By Julie Barnes
Christmas cacti are spectacular holiday plants brandishing lush pendulous flowers in an astonishing array of
common Thanksgiving cactus, Schlumbergera truncata and the rare hybrid Christmas cactus,
Schlumbergera bridgesii, cross bred from the Thanksgiving cactus. The true Christmas cactus,
Schlumbergera bridgesii, blooms later and does not exhibit the same kaleidoscope of colors or variations
seen in the vigorous growing Thanksgiving cactus. These attributes make it less profitable for holiday plant
sales. For this reason the Thanksgiving cactus is sold as the “Christmas cactus.” If you want to possess a
true Christmas cactus you literally have to acquire this exceptional beauty from someone who has one
where its stem segments can be easily rooted. Otherwise it is not available in stores.
The name “cactus” brings to mind desert conditions and can be quite misleading to some. Besides desert
cacti, the cactus family also contains jungle cacti which grow in rainforests. These winter flowering
houseplants are native to Brazil’s moist rain forests resting on trees as epiphytes. An epiphyte grows on
another plant for support and does not take nourishment as a parasite would from a host plant.
Schlumbergera flourish in plant debris trapped among the tree branches maturing rapidly in the rainy
season. When the dry season returns they become dormant subsisting on water stored in their flattened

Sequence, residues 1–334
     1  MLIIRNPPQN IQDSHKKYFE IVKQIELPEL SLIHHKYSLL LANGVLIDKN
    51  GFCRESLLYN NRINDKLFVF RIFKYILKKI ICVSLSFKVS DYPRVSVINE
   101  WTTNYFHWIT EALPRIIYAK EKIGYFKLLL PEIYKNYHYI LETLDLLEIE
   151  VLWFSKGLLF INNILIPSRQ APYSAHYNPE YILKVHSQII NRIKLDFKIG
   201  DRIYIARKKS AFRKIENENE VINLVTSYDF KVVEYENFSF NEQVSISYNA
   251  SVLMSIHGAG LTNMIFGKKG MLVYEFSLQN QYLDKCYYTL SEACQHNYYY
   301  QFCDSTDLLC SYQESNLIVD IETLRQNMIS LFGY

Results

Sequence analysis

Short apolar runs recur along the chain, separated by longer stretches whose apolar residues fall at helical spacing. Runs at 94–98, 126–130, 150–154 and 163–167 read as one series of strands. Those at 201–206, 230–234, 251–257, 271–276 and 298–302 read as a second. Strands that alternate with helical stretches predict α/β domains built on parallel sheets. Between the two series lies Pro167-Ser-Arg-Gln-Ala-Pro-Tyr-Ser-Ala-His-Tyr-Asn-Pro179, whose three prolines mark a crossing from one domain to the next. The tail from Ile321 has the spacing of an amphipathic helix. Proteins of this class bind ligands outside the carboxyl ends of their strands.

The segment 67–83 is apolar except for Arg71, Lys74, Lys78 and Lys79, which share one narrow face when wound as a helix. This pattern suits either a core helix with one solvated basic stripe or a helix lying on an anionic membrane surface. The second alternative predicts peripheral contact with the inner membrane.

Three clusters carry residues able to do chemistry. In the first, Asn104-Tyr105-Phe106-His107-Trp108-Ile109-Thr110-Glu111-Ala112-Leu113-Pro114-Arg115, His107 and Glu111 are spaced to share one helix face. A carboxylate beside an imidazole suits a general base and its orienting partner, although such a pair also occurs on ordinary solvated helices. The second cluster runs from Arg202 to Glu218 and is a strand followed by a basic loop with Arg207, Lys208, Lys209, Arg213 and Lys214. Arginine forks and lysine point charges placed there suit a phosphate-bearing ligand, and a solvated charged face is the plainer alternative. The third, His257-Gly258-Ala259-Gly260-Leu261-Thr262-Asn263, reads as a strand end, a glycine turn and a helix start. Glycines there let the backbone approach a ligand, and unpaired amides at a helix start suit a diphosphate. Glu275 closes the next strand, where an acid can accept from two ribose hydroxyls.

leaf like stem segments. These plants will deteriorate if treated like desert cacti. Schlumbergera thrive in
conditions similar to their native location: porous potting mix, high humidity, with partial shade in spring and
summer. They also bloom best when pot bound. Repotting should only be necessary every three years.
Thanksgiving and Christmas cactus differ mainly in the shape of their leaf like stem segments.
Thanksgiving cactus, Schlumbergera truncata, or Zygocactus, Claw or Crab cactus
blooms several weeks before the Christmas cactus. It has stem segments with
strongly toothed or pointed edges that make them appear claw-like. Its growth habit
seems to be more upright.
Christmas cactus, Sclumbergera ‘bridgesii’, blooms later
It has smaller smooth stem segments that are scalloped along
the edges. Its growth habit tends to more pendulous or drooping.
Schlumbergera are short day plants similar to poinsettias or mums forming buds as day length becomes
shorter than 12 hours. They also need a “chilling requirement” to initiate flower formation by subjecting them
to autumn temperatures below 550 F. To achieve this: Relocate the plant to a shady location outdoors in the
summer keeping the potting media consistently moist, then, in autumn only dampen the plant enough to
prevent it from wilting. Move it back indoors before temperatures drop below 450 F into a low light location
and withhold water in order to encourage re-blooming. After buds form and become quite noticeable, shift
the plant back into the light and water, preferably, in a sunny location with minimal temperature fluctuations
while allowing the soil to dry slightly before watering. If flower buds start to drop, overwatering, exposure to
cold drafts, being too close to a heat source such as a vent or fireplace, or low humidity can be the cause.
After it is done blooming, this plant should only be watered when the media becomes dry. Holiday cacti are
long lived plants that are often handed down from generation to generation. With proper care their dramatic
blooms can be a striking part of the holiday season.